Is it too sweet? For such an architecturally-varied campus, it doesn't seem to fit in well with its surroundings. Maybe because it is a circle with a pointed roof in a sea of rectangles with flat and gable roofs. Maybe because it is flanked by two matching gloomy brutalist buildings. Who knows. All I know is, I always have room for dessert when it involves the Beckman Auditorium.

(The previous night, CalTech had been simulcasting the
Saturn Orbiter Cassini's Final Moments)

The Beckman Backside!

Edward T. Foley Building (1964)

Edward T. Foley Building

The Edward T. Foley Building is located on the lovely Loyola Marymount University campus. It holds the Strub Memorial Theater, as well as the school's drama department offices and classrooms.

Shapes dominate the building's exterior. Painted circles cover the building's concrete pathways. The building is very boxy. Hexagons cover the walls, and are the shape of choice on this building's overhang cut-outs. The whole exterior reminds me of latticework.

Shapes and Columns - Edward T. Foley Building

The column arches are an interesting choice. They make me feel uncomfortable. Are they really able to hold up the roof? Many New Formalism buildings have columns that expand towards the top, but everything's filled in. Even though their chosen form is different from the norm, their solidity is reassuring. Here, there's negative space, and the columns are not directly under the points of the roof they support. I am not doubting their strength, them standing since 1964 is proof enough. It just feels wrong to me. Maybe because I am not used to this.

The entry shares the same design as the Kennedy Center and the Beckman Auditorium. It is a glass entrance with windows rising all the way to the overhang level. The whiteness of the building emphasize the blackness the windows appear as during the day. It definitely helps to make the door stand out so there is less confusion how to get into the building.

The lobby is a small oval. It's hard to photograph in one shot. It contains a huge religious mural and curving staircases on either side.

Foley Lobby

Edward T. Foley Lobby Mural

The Strub Memorial Theater inside is pretty small. It's also the most unremarkable Stone theater I have ever been in. I did enjoy the circle motif in the ceiling, which harkens back to the perimeter paths' pattern. Ties everything together.

Strub Memorial Theater. This was shot from the back

The rest of the interior was nothing to write home about. That is, until I stumbled upon the hidden roof oasis. On the third floor, through a set of double doors, was an outdoor patio! Who knew?? This was an idea that Stone had wanted to use at the Kennedy Center, but on a larger scale. I am glad he was able have at least one built.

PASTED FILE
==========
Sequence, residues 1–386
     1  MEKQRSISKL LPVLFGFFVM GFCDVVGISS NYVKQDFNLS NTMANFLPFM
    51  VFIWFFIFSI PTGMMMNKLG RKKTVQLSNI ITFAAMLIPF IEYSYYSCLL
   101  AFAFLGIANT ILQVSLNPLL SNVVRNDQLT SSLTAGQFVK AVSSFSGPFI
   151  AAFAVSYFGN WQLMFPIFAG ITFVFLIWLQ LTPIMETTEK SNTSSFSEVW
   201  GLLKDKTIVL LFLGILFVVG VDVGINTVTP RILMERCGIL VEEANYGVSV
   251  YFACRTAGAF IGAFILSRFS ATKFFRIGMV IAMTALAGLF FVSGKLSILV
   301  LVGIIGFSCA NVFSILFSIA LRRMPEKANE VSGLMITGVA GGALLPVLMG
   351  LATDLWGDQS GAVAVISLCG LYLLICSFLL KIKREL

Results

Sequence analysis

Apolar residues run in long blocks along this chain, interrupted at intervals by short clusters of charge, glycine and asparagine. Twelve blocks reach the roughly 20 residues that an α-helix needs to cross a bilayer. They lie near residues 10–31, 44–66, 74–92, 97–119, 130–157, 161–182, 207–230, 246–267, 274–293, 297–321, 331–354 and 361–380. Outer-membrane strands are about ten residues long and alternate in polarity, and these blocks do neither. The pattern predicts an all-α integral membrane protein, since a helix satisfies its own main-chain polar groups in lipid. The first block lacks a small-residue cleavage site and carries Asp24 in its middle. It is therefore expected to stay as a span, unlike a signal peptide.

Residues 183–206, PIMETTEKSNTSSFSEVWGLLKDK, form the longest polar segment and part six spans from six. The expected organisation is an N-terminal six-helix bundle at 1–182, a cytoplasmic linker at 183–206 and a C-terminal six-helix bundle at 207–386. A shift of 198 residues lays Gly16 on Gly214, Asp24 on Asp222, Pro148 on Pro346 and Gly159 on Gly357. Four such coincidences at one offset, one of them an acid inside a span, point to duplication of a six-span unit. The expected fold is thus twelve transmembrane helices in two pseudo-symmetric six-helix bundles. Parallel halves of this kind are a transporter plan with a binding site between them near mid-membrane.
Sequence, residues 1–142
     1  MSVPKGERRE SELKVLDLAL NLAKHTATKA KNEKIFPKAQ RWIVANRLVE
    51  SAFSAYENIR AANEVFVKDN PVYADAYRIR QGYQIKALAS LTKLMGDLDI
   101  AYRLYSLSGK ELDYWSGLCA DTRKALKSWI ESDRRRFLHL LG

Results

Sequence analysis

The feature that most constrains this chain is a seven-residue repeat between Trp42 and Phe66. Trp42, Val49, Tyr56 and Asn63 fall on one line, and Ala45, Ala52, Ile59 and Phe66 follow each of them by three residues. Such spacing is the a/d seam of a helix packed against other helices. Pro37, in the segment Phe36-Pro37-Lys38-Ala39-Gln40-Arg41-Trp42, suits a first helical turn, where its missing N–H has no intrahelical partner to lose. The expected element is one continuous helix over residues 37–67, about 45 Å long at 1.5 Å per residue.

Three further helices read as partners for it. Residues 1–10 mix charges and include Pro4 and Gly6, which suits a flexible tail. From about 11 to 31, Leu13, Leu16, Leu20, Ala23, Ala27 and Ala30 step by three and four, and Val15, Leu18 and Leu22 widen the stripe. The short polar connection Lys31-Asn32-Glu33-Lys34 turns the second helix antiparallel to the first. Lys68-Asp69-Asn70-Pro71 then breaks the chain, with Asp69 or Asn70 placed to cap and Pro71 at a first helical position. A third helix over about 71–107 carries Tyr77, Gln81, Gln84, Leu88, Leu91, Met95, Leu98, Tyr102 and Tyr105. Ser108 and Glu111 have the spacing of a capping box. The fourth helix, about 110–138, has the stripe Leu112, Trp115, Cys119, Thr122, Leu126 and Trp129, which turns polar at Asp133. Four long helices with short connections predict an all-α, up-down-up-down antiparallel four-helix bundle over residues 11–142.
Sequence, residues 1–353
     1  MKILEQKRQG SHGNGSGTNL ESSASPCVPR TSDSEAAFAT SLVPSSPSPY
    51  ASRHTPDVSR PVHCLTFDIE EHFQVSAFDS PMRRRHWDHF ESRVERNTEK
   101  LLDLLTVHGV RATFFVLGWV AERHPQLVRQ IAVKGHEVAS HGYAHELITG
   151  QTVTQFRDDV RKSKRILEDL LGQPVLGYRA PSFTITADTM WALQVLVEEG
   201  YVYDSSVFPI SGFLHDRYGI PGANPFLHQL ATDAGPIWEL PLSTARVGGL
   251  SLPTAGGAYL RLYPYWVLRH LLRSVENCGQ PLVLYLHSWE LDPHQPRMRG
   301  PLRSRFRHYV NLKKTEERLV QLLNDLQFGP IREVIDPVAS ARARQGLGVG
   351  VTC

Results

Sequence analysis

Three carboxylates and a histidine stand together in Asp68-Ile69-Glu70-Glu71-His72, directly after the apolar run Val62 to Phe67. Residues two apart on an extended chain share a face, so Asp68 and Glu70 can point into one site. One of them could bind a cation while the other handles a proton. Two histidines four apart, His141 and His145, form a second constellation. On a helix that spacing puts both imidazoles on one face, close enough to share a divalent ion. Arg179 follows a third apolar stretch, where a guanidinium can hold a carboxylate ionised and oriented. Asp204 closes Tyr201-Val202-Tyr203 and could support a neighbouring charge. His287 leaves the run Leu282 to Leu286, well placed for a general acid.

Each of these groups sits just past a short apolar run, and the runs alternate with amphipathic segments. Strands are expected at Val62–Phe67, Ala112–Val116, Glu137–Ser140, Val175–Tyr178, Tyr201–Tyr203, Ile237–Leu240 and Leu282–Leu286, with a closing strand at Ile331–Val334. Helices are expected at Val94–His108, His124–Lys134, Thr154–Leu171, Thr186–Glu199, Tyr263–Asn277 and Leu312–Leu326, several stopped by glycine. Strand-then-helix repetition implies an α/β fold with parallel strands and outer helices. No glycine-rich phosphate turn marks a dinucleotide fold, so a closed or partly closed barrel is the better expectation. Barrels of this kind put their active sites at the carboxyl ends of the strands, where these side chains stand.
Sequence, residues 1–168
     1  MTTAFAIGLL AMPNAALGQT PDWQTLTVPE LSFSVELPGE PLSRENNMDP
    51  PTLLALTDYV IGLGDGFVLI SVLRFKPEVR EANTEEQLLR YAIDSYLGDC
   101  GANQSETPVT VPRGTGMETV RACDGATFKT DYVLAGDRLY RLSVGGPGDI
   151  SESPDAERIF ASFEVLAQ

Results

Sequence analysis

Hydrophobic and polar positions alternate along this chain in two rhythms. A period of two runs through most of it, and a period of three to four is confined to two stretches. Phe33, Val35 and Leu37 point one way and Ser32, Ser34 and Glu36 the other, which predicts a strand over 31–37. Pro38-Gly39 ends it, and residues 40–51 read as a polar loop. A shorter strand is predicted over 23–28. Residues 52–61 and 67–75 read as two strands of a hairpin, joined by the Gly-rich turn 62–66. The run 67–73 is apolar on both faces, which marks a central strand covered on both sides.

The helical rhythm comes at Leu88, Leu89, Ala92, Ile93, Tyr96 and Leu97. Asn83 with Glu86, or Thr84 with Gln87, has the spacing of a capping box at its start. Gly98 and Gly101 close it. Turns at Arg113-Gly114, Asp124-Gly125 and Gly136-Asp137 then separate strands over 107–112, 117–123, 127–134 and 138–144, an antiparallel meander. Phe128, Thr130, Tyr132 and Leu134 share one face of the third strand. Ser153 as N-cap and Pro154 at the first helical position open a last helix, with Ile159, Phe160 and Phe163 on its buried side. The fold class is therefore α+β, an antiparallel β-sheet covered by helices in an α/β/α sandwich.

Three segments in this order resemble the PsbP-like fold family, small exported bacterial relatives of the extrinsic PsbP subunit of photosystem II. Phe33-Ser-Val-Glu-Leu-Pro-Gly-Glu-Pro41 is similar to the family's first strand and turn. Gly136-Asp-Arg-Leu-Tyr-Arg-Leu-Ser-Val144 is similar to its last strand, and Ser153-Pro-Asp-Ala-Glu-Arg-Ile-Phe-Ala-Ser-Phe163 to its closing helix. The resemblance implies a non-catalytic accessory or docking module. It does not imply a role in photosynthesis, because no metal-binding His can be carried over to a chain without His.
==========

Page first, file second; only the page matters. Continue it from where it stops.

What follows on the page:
The hidden outdoor patio on the third floor!

The hexagon pattern continues up here, surrounding the windows. The colors are atrocious, I'm assuming they are not original. The floor used to have painted circles like the other paths, according to this photo I found.

What an interesting building.

Claremont School of Theology's Kresge Chapel (1973)

Claremont School of Theology's Kresge Chapel from the front of campus

Edward Durell Stone designed the Claremont School of Theology's master plan and front buildings in 1957. These buildings are fairly standard Stone style, with flat roof overhangs and rectangular cut-outs.

The Colwell building. This U-shaped building's overhang
extends to create a complete rectangle with open air plaza.

[I accidentally overlooked peeking at their campus theater space, also designed by Stone, so I unfortunately cannot comment on it]

In 1973, Stone's Kresge Chapel was completed. It is the centerpiece of campus, and it's one of the most alien buildings I've seen from Stone. There is no overhanging roof or surrounding columns. It stands starkly alone on a podium in pure white. While not a traditional New Formalist building, The Los Angeles Conservancy states that:
"Kresge Chapel is stripped to the very essence of New Formalism. It is a simple vertical volume with a façade composed of other vertical features, like a fluted column made of fluted columns."